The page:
Winning Teams = 0.666

Losing Teams = 0.794

Breaking that down further, here are the average total carries for backs on winning teams and losing teams:

Winning Teams = RB1-18.3, RB2-9.2, overall-27.5

Losing Teams = RB1-16.0, RB2-4.2, overall-20.1

As we can see, unsurprisingly, teams that are winning have more RB rushing attempts. The sea change from 4-5 years ago is that the RB1 on winning teams does not get the brunt of those carries now, they go to the RB2. The evidence is pretty strong that that 2007 was not a one year aberration, and the low rushing totals were not just due to injury, as many have claimed. In fact, I can't find evidence to support the injury claim, other than the recency effect creating that perception. Just in the last decade, several years featured more prominent games missed by the previous year's stars. The difference is that in the past, Olandis Gary or Dominic Rhodes or maybe a Shaun Alexander waiting behind Ricky Watters would come in and take on basically the same workload as the previous starter.

I'll close with linking to Increased Risk Games Revisited, which I wrote in the off season. For those that want the cliffs note version, I had previously looked at running back workload and injury risk by looking at the individual games data base, before the 2007 season, and highlighted Shaun Alexander, Larry Johnson, Steven Jackson, Rudi Johnson, and Ladell Betts as high risk based on their 2006 end of season workloads. At the end of the 2007 season, I went back and used the new 2007 data and looked at injury report information versus individual game rushing attempt information. The results were pretty consistent--backs who get high carry totals in any individual game are at much higher risk of serious leg injury immediately thereafter. Of the 17 backs who had a game with 28 or more rushing attempts between weeks 6-13 last year, 76% appeared on the injury report at least once in the next month (compared to 50% for other starting backs), and 41% were either placed on IR or listed as Out (compared to 13% for other starters).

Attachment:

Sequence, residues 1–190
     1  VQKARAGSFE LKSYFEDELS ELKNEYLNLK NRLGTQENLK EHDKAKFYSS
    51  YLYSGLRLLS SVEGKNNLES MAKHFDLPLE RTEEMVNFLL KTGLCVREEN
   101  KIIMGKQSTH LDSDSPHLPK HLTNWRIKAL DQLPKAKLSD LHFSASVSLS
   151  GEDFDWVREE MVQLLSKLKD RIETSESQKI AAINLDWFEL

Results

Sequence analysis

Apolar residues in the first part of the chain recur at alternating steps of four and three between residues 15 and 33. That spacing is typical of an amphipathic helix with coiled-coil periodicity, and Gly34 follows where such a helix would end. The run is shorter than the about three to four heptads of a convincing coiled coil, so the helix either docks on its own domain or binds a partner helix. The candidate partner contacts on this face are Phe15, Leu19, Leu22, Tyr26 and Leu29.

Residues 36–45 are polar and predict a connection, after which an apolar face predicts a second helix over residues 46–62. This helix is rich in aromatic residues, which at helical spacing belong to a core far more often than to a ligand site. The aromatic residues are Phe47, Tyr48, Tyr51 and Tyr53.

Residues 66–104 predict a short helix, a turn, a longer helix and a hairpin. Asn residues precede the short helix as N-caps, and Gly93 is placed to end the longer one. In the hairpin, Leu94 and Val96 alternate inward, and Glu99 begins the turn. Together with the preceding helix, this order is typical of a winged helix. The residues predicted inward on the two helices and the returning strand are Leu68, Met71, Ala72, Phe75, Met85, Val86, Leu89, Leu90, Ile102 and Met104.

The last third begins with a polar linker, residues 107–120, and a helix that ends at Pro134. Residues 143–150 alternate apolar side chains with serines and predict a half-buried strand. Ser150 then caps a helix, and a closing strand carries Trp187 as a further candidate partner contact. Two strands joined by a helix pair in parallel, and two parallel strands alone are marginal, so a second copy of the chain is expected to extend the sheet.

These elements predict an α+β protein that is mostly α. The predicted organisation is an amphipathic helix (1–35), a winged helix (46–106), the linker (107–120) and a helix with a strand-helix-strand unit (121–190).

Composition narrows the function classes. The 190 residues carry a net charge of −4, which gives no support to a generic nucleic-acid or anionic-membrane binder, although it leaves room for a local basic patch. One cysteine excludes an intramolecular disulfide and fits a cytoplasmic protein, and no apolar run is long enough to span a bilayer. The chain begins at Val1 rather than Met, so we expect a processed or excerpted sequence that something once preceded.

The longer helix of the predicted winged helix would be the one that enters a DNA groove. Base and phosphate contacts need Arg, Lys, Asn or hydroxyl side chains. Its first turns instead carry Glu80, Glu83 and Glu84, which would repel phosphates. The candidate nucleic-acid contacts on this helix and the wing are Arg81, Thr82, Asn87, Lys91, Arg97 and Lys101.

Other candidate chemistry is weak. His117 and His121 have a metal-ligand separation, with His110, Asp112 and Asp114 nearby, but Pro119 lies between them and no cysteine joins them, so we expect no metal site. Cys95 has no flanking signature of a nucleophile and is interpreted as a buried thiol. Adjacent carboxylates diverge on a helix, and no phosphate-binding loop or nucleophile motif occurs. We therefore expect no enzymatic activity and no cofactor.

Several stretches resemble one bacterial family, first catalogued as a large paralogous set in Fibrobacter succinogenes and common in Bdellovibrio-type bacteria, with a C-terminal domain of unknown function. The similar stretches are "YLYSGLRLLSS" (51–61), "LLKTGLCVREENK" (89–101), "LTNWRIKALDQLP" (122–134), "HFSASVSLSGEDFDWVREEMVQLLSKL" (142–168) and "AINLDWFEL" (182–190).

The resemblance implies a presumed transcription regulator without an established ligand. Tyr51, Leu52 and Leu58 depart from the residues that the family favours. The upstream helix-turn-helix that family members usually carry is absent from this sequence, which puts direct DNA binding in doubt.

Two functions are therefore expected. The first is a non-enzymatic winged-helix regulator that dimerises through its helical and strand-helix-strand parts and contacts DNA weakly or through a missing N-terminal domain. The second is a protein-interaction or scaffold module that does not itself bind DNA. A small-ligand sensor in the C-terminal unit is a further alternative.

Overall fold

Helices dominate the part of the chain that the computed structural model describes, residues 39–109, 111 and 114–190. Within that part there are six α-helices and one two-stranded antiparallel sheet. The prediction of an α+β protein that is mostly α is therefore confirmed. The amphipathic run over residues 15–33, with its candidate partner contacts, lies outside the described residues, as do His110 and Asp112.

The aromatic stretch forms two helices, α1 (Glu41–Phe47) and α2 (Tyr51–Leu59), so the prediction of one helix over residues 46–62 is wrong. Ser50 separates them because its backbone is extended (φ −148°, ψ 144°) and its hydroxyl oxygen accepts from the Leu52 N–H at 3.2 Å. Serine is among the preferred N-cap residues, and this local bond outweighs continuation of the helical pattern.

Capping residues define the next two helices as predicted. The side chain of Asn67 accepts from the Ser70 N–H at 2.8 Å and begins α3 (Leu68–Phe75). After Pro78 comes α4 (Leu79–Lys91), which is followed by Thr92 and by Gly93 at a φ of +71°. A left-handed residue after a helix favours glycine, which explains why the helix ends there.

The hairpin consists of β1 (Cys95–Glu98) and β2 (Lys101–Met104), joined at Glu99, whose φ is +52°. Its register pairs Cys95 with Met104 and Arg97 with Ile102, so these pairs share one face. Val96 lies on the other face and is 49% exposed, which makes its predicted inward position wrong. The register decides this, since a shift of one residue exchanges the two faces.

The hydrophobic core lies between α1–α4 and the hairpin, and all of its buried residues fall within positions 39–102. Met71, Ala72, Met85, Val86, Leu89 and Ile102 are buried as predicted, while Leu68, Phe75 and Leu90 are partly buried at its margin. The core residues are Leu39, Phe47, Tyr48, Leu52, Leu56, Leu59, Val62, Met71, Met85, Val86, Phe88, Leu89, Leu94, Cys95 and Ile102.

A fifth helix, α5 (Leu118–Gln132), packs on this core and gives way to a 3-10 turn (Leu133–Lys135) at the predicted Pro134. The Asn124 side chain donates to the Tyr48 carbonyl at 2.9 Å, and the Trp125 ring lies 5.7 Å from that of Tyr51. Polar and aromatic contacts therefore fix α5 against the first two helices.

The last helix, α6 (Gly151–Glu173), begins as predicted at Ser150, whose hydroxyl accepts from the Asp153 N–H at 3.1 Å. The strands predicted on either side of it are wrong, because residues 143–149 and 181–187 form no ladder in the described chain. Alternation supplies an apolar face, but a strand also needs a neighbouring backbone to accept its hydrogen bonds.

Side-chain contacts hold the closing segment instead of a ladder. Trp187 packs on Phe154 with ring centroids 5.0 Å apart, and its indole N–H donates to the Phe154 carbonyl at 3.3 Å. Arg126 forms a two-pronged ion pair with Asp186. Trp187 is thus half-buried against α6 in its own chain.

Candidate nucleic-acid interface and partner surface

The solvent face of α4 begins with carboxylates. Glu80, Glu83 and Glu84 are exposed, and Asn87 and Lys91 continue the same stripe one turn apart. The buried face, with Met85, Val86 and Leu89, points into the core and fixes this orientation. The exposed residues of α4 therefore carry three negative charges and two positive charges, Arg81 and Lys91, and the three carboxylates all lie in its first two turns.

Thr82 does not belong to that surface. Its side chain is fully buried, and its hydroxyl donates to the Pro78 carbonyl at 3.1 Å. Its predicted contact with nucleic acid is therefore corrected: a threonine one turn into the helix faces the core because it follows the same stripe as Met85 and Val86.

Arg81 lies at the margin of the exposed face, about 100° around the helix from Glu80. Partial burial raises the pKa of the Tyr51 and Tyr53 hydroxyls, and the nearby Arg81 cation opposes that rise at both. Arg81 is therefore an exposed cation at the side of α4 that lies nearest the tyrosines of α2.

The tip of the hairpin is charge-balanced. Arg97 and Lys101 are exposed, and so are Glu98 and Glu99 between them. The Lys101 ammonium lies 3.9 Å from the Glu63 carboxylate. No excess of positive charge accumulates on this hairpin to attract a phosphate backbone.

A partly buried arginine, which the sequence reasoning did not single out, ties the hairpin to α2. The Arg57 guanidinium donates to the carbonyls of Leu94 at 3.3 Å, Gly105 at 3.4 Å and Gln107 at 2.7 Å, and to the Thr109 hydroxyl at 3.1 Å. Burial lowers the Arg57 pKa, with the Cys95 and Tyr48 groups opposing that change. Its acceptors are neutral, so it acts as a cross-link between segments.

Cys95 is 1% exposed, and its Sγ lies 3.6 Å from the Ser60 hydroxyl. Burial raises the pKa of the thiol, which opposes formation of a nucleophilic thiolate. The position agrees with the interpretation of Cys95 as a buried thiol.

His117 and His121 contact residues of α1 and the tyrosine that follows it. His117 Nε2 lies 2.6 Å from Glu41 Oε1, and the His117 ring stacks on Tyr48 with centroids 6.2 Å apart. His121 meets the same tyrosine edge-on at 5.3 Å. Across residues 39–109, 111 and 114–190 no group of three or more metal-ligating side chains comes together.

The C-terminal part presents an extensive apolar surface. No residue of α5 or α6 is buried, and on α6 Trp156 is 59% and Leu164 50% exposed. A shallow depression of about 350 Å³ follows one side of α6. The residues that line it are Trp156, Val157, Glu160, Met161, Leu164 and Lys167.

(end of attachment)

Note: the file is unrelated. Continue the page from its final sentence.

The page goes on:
No backs were as high risk as the five I highlighted at the end of 2006, but I'll point out that Dominic Rhodes and Willis McGahee were the only two to have multiple games of 25+ carries over the final month of the 2007 season. Prior to this week, there were only two backs that had 28 or more carries in a game: Willie Parker (28) and Adrian Peterson (29) in week 2. Peterson was on the injury report the following week but played, and Parker played and suffered a knee injury last week, and is now out. Marion Barber (28) joins that group this week, and Gore and Forte finished with 27 official rush attempts. Tomlinson, Julius Jones, and Fred Taylor have had 26 attempts in a game in the last 2 weeks.

I think the move toward giving more carries to the RB2 when leading is a good move toward the long term health of star running backs, even if it frustrates fantasy owners.